School physician presence at the vaccinating site would be very helpful, but not a necessary requirement. This presence could assure medical questions or issues of concern could be addressed.
What timelines are expected? Since Maine CDC needs to order vaccine very soon, we need to know if a school will be participating before June 30th. If a school district or school decides to move forward with this, please notify Nancy Dube, School Nurse Consultant, for Maine Department of Education and she will inform Maine CDC. Include names of the schools and total number of students in the schools.
We also strongly encourage school-based vaccine clinics to be held as early as possible after vaccine is available, such as in September or October. Part of the reason is because H1N1 vaccine may be available by mid-late fall, so it may be easiest on the school and health care system to offer these sequentially, with some time in between.
Will the vaccine be thimerosal-free? Yes.
Who else can be vaccinated at these clinics? Schools and their participating community partners have the option of offering this seasonal influenza vaccine to other children in the community, such as preschool children, home-schooled children, and students from other schools. Since the vaccine provided will be a pediatric (thimerosal-free) and therefore more expensive vaccine than adult seasonal influenza vaccine, we ask that this state-supplied vaccine be limited to the pediatric population. We can provide materials on where adults can locate clinics. If non-school district children will be offered vaccine, then this should be incorporated into the estimates of needed vaccine.
If a school district is interested, what is the next step? We recommend a school district reach out to local health care providers such as hospitals, health care practices, health centers or local public health departments, in order to assure adequate capacity for putting on such vaccine clinics. Then, if the interest and commitment is present, please contact Nancy Dube at 624-6688 or firstname.lastname@example.org before June 30th. There is a memorandum of understanding that will need to be signed by the superintendent along with some estimates of vaccine need. These forms will be provided once the department has been contacted.
How do we become a Maine Immunization Program vaccine provider? Please check the following link for the forms and information to become a Maine Immunization Program vaccine provider: www.maine.gov/dhhs/boh/mip/materials.html .
Note that a new provider should submit two weeks’ refrigerator and freezer temperature logs for validation before vaccine will be shipped to the site. If you are using a new vaccine provider, please leave at least a two-week time window for the requirements to be met.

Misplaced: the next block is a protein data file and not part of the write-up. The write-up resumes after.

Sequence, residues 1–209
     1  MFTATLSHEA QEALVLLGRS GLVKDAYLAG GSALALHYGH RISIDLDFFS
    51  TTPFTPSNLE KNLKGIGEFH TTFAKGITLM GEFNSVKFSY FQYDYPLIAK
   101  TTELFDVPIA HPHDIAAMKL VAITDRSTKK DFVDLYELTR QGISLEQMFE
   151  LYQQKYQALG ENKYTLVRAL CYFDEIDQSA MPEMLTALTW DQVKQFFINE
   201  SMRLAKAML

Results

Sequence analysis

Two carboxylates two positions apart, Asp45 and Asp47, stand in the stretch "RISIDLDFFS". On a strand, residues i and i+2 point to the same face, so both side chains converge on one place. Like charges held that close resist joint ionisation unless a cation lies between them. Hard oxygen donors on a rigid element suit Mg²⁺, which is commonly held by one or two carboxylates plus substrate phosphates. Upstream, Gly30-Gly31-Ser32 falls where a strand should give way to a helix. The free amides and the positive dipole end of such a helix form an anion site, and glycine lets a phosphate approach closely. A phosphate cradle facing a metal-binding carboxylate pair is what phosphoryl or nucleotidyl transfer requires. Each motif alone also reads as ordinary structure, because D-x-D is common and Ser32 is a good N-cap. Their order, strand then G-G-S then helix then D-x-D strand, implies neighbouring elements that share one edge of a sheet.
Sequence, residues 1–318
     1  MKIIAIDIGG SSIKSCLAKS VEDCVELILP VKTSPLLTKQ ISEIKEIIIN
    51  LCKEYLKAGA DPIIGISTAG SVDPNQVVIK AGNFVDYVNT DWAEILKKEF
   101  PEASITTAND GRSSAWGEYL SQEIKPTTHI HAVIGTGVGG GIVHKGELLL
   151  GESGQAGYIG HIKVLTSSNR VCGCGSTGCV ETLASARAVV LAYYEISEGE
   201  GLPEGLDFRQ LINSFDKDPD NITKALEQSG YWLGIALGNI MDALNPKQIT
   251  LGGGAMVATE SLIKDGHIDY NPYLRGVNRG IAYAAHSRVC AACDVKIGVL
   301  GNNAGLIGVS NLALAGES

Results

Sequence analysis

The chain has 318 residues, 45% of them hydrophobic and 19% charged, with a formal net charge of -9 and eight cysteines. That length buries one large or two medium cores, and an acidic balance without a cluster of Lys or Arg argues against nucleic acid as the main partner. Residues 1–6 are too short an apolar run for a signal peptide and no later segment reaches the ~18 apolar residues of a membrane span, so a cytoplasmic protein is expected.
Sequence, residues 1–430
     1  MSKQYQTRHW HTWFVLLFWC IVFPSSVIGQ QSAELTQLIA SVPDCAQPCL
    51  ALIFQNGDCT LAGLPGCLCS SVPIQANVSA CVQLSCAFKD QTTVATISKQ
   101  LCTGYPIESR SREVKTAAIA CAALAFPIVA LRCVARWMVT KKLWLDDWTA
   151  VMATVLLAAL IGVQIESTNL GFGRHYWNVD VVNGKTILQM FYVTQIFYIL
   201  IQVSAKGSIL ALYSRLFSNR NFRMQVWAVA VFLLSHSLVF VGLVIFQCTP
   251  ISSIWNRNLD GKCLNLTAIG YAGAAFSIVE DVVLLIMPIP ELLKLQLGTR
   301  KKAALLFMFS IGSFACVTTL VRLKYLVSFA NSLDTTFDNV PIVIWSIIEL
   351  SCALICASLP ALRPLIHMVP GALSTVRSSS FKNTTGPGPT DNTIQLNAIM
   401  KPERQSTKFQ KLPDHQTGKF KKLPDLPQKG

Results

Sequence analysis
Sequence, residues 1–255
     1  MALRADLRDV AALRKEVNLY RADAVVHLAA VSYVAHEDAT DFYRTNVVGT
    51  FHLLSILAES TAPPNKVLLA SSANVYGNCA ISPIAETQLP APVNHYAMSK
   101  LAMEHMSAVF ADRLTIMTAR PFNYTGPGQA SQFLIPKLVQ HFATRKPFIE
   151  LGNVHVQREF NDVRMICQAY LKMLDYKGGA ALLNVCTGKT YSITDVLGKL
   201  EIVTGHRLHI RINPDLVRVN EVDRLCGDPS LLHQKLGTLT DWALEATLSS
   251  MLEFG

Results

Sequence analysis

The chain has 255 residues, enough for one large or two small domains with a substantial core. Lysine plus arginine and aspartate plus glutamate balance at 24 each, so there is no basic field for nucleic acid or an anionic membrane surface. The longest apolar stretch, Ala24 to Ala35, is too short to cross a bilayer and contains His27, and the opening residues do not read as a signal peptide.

Where can we learn more about school-based vaccination clinics?
U.S. CDC March 2009 Power Point on school-based influenza vaccine clinics can be viewed at:
www.ct.gov/dph/lib/dph/infectiousdiseases/immunization/pdf/schoolfluclinicmarch2009vogtslides.pdf . This recent presentation reviews the experiences in three areas of the country that conducted school-based influenza vaccine clinics in the fall of 2008.
Ransom, J. (2009). School-Located Influenza Vaccination Clinics: Local Health Department Perspectives. The Journal of School Nursing 25: 13S-17S. You will need a subscription to view the full article, however, school nurses, who are members of the National Association of School Nurses, have free access to this article.
US CDC Large Scale Vaccine Clinic Guidelines www.cdc.gov/flu/professionals/vaccination/vaxclinic.htm
Will H1N1 vaccine be offered to schools as well? We anticipate very likely reaching out to schools for H1N1 vaccine, but, at this point in time, specific plans with U.S. CDC are in very early stages.
Will seasonal influenza vaccine be offered to schools in future years? This depends on the availability of resources.
Can parents bring their children to their doctor’s offices for seasonal influenza vaccine even if it is offered through the schools? Over the past several years, Maine CDC has supplied some free seasonal influenza vaccine to health care providers. We will continue to provide this vaccine; however, local health care providers need to decide how many children they can vaccinate through their offices.
For further information, contact Nancy Dube, School Nurse Consultant, Department of Education (and Maine CDC) at 624-6688 or email@example.com .